For me, part of maturity has been learning to think calmly whenever emotions come into play. After all, while emotions are free, we all have them all the time, they should not just be given free reign. Emotions are fickle and irrational, the antithesis of common sense, the enemy of compromise. And especially in days of the world wide web, it’s hard to really know what someone means or intends without deeper conversations, unless you know someone well and have had interpersonal contact.

And sadly freedom these days also allows people to have ignorant opinions in an ongoing way. After all, to be informed or not informed, to be educated or not educated, are choices people make.  Intellectual capacity is not, however. And some of both come into play.

But I think racism, sexism, and other forms of bigotry, while I wish they’d gone away, will always exist as long as humans exist, because we humans love to categorize everything from other people to beliefs, systems, things, etc. Inevitably such categorizations lead to comparisons, and feed the desire to distinguish one’s self from the pack in various ways. And that leads many, out of arrogance, insecurity or both, to find ways to  belittle others in order to elevate themselves. The fact that such is occurring using false criteria goes ignored. And that’s unfortunate.

As I said, there’s much work to be done. I’m of the belief that with freedom comes responsibility. And the greater the freedom, the greater the responsibility. Exercising freedom with responsibility means taking time to not assume and impugn but to question and dialogue and try and understand. You don’t have to agree, but chances are you’ll discover more common ground once you take that time and that will give you a foundation for deeper discussion. T0 me, such discussions have always proven worthwhile. The chance to look at the world through the eyes of Africans, Brazilians, poor, rich, and in between has made me a better person and broadened my worldview and perspective in every way. It hasn’t always changed my opinions. Often it’s affirmed them. But it has given me an ability to respect and value the diversity of our world.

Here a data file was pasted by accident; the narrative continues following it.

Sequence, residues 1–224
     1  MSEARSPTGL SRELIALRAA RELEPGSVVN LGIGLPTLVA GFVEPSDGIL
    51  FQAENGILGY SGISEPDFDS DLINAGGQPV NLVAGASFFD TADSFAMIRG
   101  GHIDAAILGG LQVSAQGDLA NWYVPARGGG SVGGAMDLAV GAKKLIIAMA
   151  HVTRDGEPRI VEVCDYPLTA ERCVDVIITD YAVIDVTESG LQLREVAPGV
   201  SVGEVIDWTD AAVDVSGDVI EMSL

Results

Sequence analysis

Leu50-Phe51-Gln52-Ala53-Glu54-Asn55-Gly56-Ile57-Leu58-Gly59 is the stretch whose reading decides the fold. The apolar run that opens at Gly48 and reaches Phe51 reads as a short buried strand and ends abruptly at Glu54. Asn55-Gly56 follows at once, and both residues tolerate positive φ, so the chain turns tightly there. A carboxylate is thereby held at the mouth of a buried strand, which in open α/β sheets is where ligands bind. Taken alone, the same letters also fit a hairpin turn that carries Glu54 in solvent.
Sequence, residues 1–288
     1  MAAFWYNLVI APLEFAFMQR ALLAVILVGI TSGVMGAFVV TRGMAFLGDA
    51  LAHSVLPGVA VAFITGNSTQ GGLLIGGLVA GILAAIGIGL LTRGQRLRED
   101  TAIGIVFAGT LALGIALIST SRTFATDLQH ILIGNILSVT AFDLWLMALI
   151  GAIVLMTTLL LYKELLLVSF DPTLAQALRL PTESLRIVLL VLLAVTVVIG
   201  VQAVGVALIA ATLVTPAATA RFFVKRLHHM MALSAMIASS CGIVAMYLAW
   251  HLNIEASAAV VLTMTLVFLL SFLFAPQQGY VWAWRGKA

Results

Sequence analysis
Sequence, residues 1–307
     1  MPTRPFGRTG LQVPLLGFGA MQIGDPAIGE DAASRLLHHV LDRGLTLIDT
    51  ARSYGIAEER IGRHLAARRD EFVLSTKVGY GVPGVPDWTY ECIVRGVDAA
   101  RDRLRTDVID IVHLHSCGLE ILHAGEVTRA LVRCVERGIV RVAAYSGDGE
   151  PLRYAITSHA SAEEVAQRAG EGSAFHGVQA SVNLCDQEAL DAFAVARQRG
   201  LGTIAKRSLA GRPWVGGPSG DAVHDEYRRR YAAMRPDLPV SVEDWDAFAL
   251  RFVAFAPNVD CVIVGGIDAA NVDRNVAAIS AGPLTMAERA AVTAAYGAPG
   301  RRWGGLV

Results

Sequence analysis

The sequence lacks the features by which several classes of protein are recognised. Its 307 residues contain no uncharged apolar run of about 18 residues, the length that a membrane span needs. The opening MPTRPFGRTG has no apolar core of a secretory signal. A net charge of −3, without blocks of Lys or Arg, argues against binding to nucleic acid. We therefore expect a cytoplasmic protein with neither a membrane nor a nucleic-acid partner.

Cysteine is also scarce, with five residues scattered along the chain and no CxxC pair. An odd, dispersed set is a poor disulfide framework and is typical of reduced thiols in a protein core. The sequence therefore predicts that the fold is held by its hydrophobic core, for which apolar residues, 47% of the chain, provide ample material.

For me, that’s one of the best parts of freedom–the ability to go and experience the world in broad and diverse ways through people, places, and things. It’s certainly been one of the freedoms I’ve most exercised, having traveled to Africa, Europe, South America and Central America numerous times over the past twenty years. And it’s one I hope to go on valuing, along with the freedom to take what I learn, process it, and let it inform how I live, what I do, what I say, what I write and more.

Freedom is a wonderful thing, indeed. I’m glad I have it. I hope others gain more daily. But I also hope they learn to use it responsibly. If everyone did, I have no doubt we c0uld create a better world. And that’s a goal I consider always worthy of hoping for.

For what it’s worth…


BTS author photo 2Bryan Thomas Schmidt is an author and editor of adult and children’s speculative fiction including the novels The Worker Prince and The Returning, and the children’s books 102 More Hilarious Dinosaur Jokes For Kids (ebook only) and Abraham Lincoln: Dinosaur Hunter- Land Of Legends. His debut novel, The Worker Prince (2011) received Honorable Mention on Barnes & Noble Book Club’s Year’s Best Science Fiction Releases for 2011. His short stories have appeared in magazines, anthologies and online. He edited the anthology Space Battles: Full Throttle Space Tales #6 (Flying Pen Press, 2012) and is working on Beyond The Sun (Fairwood, July 2013), Raygun Chronicles: Space Opera For a New Age  (Every Day Publishing, November 2013) and Shattered Shields with co-editor Jennifer Brozek (Baen, 2014). He also edits Blue Shift Magazine and hosts #sffwrtcht (Science Fiction & Fantasy Writer’s Chat) Wednesdays at 9 pm ET on Twitter and can be found via Twitter as @BryanThomasS, on his website atwww.bryanthomasschmidt.net or Facebook.